Why are some employees happy and others miserable? Answering that question is on the mind of every leader, manager and business owner who is trying to reduce staff turnover and improve productivity.

This is the first of a four-part series on becoming a leadership mastermind. In each part, we will review a business-leadership book and apply its guidance to the fitness profession. Our first title is The Three Signs of a Miserable Job: A Fable for Managers (And Their Employees) by Patrick Lencioni (Jossey-Bass 2007). The author identifies three principal reasons why employees are unhappy, and he offers guidance on helping them become happy and productive.

Fitness professionals tend to be upbeat by nature, so fitness managers have it better than leaders in other industries. Yet we still have disgruntled employees who become negative as their enthusiasm, passion and energy run dry. Learning to be better managers can help us create a more positive working environment, which is good for everybody in our business.

First Sign of a Miserable Job—Irrelevance

Employees who cannot see how their work improves someone’s life very likely cannot enjoy their jobs. They need to feel that their work is relevant to the lives of the people they encounter in their workday—their co-workers, customers and managers.

This might seem like a minor issue in the fitness industry, because so much of what we do objectively improves people’s lives. But we can always do better. Here are a few tips to fight irrelevance in your gym or studio:

  • Post “Client of the Month” success stories at your facility and on your website and social media pages. Be sure to identify the specific team members who were pivotal to your clients’ accomplishments.
  • Forward clients’ complimentary emails, letters or cards to everybody on your team.
  • Conduct quarterly client surveys, and pass along any accolades the clients give to specific employees.
  • Thank your administrative staff. They don’t get as much positive reinforcement from clients as your fitness staff does. For example:
    • Tell your front-desk staff that they set the mood for the facility, making clients’ lives easier simply by answering their questions correctly and getting them what they need quickly and efficiently.

No matter what the position, your team members need to understand individually how they are changing people’s lives for the better.

Second Sign of a Miserable Job—Anonymity

Employees have a hard time loving their job if they think their managers do not know them as people or care about their interests, dreams and goals. Employees need to feel they are valued by their direct supervisors and by others in leadership positions.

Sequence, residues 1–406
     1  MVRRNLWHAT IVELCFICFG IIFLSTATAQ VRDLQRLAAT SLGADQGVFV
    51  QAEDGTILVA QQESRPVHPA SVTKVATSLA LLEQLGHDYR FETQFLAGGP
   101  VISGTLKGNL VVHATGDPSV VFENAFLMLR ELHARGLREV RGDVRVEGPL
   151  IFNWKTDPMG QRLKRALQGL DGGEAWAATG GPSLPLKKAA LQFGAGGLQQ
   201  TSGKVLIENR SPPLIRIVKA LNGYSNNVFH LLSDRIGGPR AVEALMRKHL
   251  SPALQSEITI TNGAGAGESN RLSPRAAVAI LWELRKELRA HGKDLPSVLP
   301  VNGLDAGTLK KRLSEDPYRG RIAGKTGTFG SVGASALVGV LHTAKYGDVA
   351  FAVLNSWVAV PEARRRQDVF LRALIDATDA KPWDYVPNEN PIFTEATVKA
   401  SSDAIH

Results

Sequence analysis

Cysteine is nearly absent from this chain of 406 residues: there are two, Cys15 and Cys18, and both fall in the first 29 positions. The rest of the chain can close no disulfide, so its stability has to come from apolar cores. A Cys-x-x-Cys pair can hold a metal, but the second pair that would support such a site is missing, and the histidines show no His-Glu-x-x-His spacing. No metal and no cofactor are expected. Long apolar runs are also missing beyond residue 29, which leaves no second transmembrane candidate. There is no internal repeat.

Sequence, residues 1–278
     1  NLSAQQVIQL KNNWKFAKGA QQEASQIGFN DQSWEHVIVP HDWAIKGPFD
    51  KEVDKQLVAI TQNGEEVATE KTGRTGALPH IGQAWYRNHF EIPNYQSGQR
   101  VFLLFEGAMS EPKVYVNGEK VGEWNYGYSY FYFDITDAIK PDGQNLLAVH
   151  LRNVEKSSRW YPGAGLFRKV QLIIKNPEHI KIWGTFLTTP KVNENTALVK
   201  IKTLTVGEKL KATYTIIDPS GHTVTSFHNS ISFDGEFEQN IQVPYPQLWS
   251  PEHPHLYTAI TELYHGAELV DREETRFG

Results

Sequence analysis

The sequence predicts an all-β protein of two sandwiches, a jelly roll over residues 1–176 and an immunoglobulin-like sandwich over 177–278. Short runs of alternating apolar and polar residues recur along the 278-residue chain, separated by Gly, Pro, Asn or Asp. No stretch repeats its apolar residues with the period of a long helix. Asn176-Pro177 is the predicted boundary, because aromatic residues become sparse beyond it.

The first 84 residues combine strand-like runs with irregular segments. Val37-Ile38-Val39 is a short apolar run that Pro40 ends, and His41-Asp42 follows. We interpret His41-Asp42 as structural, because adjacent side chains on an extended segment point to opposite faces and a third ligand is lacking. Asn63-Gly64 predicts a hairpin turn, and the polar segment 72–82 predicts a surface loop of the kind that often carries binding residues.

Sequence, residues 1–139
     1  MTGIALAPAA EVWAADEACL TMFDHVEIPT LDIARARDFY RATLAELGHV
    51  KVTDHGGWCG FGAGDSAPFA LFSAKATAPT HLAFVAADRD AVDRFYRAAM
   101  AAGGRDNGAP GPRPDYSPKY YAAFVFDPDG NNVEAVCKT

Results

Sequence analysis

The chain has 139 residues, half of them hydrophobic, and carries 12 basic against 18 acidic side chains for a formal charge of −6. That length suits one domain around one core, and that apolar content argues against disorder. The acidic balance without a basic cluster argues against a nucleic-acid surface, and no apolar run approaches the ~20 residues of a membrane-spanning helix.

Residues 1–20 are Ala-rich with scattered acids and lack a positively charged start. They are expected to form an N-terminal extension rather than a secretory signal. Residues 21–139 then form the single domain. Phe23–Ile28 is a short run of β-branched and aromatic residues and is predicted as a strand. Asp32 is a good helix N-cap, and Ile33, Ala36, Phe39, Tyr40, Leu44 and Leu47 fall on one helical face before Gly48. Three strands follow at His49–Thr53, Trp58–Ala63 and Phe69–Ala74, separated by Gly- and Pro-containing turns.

This is such a simple and low-cost management technique, but many managers fail to recognize its importance or practice it regularly. I saw this firsthand as a fitness industry consultant. Whenever a facility hired me to revamp its personal training department, I would interview the owner/manager(s), and then I would interview the staff.

The staff at facilities with the greatest issues would say things like this:

  • “I’ve worked here for 10 years and she’s never even given me a birthday card.”
  • “I’ve been teaching classes here for 8 years and my boss doesn’t even know whether I have kids—let alone, know their names!”

Owners/managers often felt that their employees were a bunch of deadbeats, but nine times out of 10, the issues sprang from managers’ lack of care and attention for their team.

Fitness managers can do simple things to ensure that team members don’t suffer from anonymity.

  • Host team get-togethers. Regularly host team outings like hiking, go-cart racing, indoor rock-climbing, bowling and snowshoeing, or parties where everyone can just hang out and get to know one another. Strive for an environment where trainers who are thinking about leaving their jobs see that they will also be leaving great friendships.
  • Recognize immediately. Most people enjoy being patted on the back by their direct supervisor for a job well done. Better yet, publicly recognizing employees in meetings or praising them via email goes a long way. If you see something amazing, comment on it immediately and make sure other people know about it.

For more insights into this topic, please see “Leadership Series, Part One: Three Signs of a Miserable Job” in the online IDEA Library (see the March 2014 issue of IDEA Fitness Manager). If you cannot access the full article and would like to, please contact the IDEA Inspired Service Team at (800) 999-4332, ext. 7.